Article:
There are a number of different ways in which asset finance transactions can be structured and deciding on the appropriate one for your particular situation is key. Typically your accountant of tax advisor would be the best person to advise you on which structure would be best for you. Typical asset finance structures are as follows:
Commercial Hire Purchase
With this type of finance, you hire and use the asset until the last payment. When you make the final instalment, title of the asset transfers to you. You can tailor payment options, including the loan period, a deposit and a larger final balloon payment. To help manage your cash flow, structured payments can be established according to your cash flow.
Chattel Mortgages are a popular finance solution where you own the asset from the outset and your loan agreement is secured by the asset. You can tailor your loan payments by choosing the term — typically up to five years. Other payment options can include a deposit and a larger final instalment. You can also structure payments to free up cash flow at the times of year you need it most.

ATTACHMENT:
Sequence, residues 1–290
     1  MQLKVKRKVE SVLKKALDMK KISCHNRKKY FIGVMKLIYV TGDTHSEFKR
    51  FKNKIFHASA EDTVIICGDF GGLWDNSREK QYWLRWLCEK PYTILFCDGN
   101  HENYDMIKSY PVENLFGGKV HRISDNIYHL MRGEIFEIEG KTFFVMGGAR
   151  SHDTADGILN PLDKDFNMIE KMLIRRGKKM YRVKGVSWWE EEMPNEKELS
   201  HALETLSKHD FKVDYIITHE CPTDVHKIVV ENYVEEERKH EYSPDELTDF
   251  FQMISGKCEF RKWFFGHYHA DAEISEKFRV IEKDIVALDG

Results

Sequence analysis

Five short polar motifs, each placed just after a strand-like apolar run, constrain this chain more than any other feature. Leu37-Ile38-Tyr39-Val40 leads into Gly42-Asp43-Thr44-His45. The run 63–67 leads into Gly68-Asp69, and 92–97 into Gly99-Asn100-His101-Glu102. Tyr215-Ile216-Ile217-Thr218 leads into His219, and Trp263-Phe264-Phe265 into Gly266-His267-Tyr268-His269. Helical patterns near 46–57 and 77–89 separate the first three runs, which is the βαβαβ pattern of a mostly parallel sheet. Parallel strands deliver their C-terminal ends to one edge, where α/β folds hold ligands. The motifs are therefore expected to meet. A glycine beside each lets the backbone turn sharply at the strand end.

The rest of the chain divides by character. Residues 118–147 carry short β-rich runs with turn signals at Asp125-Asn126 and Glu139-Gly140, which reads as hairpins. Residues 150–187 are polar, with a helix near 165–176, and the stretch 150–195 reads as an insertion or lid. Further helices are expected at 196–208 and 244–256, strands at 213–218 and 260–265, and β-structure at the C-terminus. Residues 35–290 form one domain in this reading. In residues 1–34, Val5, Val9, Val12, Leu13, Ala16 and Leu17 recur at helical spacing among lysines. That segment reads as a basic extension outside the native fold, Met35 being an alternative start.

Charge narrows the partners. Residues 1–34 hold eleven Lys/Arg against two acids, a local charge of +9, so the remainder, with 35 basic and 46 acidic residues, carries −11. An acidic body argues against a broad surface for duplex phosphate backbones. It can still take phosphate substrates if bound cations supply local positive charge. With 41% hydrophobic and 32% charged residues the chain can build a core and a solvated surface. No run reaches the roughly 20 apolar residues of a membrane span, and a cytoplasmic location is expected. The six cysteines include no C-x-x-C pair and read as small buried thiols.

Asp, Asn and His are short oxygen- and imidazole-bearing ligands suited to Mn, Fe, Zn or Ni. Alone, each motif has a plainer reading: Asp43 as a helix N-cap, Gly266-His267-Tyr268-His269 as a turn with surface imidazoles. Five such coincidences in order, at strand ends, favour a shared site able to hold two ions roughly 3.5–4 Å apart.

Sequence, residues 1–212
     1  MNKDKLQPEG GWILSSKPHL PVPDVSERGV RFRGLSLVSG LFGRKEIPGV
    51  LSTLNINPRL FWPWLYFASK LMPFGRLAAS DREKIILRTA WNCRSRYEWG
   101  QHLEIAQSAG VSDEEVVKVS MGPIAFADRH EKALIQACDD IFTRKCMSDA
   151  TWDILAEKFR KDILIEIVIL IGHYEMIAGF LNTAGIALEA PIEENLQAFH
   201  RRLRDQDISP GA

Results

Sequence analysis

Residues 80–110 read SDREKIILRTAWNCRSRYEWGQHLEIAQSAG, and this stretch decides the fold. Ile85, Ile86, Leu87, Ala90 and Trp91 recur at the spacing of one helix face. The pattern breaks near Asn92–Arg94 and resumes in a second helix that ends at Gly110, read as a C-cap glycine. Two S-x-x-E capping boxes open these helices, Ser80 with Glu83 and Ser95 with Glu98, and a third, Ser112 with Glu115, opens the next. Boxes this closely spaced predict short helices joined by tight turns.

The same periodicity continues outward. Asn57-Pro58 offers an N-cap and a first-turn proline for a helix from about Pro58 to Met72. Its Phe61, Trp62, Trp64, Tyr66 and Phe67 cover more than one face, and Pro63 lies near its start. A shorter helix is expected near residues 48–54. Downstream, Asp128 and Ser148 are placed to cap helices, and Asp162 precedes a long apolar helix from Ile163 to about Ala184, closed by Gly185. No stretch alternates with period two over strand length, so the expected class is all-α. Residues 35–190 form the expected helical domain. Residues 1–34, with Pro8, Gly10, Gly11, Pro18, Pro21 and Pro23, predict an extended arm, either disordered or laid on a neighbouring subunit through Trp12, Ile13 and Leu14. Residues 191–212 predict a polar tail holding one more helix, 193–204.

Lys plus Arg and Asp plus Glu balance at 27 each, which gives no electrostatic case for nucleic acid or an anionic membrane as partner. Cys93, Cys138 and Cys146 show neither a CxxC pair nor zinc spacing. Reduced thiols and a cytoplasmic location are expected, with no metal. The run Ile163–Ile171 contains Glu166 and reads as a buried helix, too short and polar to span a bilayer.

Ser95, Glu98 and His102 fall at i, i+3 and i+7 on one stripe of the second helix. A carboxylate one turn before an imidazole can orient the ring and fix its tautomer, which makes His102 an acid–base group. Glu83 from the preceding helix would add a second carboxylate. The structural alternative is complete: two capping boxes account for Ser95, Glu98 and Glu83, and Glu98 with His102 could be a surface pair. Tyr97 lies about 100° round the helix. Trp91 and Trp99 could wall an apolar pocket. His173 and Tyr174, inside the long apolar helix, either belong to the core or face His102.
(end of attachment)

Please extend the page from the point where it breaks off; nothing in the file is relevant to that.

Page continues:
With a Finance Lease, the financier owns the asset however you bear the risk of disposal (of the asset) at the end of lease. This type of lease can benefit businesses that need the latest vehicles or equipment without tying up a large amount of capital. You can choose lease payments in advance or arrears and terms up to five years. A residual value is required in line with the asset’s use and the Australian Taxation Office’s guidelines.
If you want to include a vehicle in your salary package, a Novated Lease can help. The financier owns the asset, while you and your employer sign a novation agreement to share the responsibilities of the loan. Typically loan terms are from 12 months to 5 years. Monthly lease payments and a final residual payment are based on your circumstances and guidelines set by the Australian Taxation Office.
Operating Leases can often be used to fund a number of different assets. Payments towards this type of finance can sometimes be considered operating costs and will not appear as a liability on your balance sheet.